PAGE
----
My point is not to say that oral arguments are not at all important or dont matter. The point is that the oral arguments are not the end all be all of a case. There are things that reveal just how important the oral arguments are in the scheme of things, the first is that only the counsel for that parties will be delivering an argument. Compare this with the fact that multiple interested parties are allowed to submit briefs on matters before the court. Just how important can an oral argument be if all of the relevant people arent getting up to speak? Information in an amicus brief could be crucial to the outcome yet entirely absent from the argument. Consider that according to, Oral Arguments Before the Supreme Court By Lawrence S. Wrightsman (preview)- the author of one the most controversial cases in recent memory, kelo v city of new london, john paul setevens wasnt even there for the oral arguments. Similarly, during his battle with cancer Chief Justice Rehnquist missed oral arguments for decisions he penned. Finally where as arguments used to run for days in front of the court, modern oral arguments run for 30 minutes. Briefs used to be -- well -- brief running only a few lines. In addition, not all cases before the Court are argued orally. The court takes about 75 cases a year yet not every case receives an argument. A few every year are decided without it.

One of the other notable things about Supreme Court oral arguments is that really only eight justices will be asking questions. Justice Thomas is known for his lack of participation in the questioning having foregone asking questions since a death penalty case in 2006. Thomas has his own opinion on the merits of oral argument,

"I think that they should ask questions, but I don't think that for judging, and for what we are doing, all those questions are necessary," he said. "You don't have to ask all those questions to judge properly." Thomas compared judging to another profession where debate isn't aired in public. "Suppose you're undergoing something very serious like surgery and the doctors started a practice of conducting seminars while in the operating room, debating each other about certain procedures and whether or not this procedure is this way or that way. You really didn't go in there to have a debate about gallbladder surgery. You actually went in to have a procedure done. We are judges. This is the last court in a long line in our system. We are there to decide cases, not to engage in seminar discussions. Now, each of us has a different way of thinking about things. Some people like to talk it out. Some people enjoy the questioning and the back and forth. Some people think that if they listen deeply and hear the people who are presenting their arguments, they might hear something that's not already in several hundred pages of records."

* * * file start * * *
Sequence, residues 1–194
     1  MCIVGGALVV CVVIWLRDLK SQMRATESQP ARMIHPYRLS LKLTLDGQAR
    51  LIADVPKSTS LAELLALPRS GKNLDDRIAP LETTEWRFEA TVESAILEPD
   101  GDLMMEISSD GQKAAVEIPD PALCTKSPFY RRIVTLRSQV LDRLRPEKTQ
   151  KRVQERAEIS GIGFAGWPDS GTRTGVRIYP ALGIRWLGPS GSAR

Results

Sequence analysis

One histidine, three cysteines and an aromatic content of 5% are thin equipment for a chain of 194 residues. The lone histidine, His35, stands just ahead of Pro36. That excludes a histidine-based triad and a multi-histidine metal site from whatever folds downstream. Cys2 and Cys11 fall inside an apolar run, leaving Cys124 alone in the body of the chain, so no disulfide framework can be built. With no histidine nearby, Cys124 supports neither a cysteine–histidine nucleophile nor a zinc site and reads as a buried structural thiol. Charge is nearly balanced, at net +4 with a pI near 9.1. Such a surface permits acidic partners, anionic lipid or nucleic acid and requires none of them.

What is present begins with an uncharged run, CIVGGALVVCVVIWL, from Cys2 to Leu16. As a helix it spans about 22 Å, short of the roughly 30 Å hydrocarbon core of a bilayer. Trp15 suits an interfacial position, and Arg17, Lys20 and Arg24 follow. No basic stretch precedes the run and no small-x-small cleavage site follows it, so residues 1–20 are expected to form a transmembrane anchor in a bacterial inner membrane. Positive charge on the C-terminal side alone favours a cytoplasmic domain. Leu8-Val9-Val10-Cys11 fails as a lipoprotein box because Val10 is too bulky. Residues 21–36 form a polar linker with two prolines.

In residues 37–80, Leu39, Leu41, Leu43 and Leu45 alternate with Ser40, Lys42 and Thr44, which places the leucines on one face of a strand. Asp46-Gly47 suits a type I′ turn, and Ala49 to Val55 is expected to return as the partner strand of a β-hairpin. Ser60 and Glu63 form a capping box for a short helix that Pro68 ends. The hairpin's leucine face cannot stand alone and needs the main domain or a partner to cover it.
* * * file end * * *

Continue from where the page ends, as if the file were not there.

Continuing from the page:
Thomas said that once the cases get to the Supreme Court, there are no surprises left. "This is not Perry Mason."

Its Justice Thomas' opinion that everyone has already made up their minds before the arguments commence. That should give you an indication about how important he thinks they are and he sits on the Court.

Again, arguments are important in a minority of cases. However, even if Judge Sotomayor is mean she has to share time between the seven other justices on the court. Court of appeals cases are argues before three judge panels meaning one judge has an easier time hogging up the time but the supreme court has seven other people asking questions.

While arguments can be fun and exciting they are not the be all end all of the appellate process. This naturally reduces the importance of the "judicial temperament" individual justices display while on the bench. The idea that anyone should be voting against a potential supreme court nominee because they arent the nicest person on the bench is simply wrong.